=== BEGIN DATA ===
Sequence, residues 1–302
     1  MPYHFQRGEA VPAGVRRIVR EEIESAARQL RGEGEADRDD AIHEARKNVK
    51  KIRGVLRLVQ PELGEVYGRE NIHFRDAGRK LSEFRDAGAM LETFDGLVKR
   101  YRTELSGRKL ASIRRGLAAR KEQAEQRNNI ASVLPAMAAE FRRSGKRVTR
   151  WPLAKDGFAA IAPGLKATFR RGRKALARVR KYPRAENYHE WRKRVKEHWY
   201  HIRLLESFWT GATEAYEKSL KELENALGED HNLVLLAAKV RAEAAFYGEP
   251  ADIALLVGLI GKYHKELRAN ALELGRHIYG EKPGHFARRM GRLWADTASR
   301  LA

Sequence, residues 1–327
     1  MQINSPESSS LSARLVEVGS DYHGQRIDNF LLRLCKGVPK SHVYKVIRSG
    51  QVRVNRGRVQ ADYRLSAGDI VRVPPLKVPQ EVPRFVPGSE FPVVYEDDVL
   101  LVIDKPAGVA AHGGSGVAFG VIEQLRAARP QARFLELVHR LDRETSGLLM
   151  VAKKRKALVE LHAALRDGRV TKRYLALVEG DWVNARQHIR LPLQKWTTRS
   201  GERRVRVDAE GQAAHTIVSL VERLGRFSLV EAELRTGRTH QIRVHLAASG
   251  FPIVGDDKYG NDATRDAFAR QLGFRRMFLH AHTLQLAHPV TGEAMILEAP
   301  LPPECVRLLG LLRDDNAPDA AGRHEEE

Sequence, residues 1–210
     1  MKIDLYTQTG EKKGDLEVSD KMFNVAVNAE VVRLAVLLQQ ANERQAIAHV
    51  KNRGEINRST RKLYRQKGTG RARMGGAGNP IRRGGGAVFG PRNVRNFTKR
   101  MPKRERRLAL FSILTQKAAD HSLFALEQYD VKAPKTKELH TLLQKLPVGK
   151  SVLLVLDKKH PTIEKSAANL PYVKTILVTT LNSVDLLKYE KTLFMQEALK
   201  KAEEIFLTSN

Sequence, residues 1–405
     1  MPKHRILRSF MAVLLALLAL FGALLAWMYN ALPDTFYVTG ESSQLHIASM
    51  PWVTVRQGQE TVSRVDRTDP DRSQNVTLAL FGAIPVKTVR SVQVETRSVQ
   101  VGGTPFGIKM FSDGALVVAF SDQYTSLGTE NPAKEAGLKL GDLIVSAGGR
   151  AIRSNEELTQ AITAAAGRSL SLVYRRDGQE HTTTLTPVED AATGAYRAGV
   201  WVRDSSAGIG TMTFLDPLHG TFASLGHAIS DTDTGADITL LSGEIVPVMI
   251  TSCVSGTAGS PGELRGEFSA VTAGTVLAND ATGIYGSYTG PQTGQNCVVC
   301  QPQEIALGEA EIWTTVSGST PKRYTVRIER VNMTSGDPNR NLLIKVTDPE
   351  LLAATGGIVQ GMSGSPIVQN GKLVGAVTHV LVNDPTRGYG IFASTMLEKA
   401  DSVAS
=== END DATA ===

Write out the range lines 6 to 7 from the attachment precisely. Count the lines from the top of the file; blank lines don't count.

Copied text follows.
   201  HIRLLESFWT GATEAYEKSL KELENALGED HNLVLLAAKV RAEAAFYGEP
   251  ADIALLVGLI GKYHKELRAN ALELGRHIYG EKPGHFARRM GRLWADTASR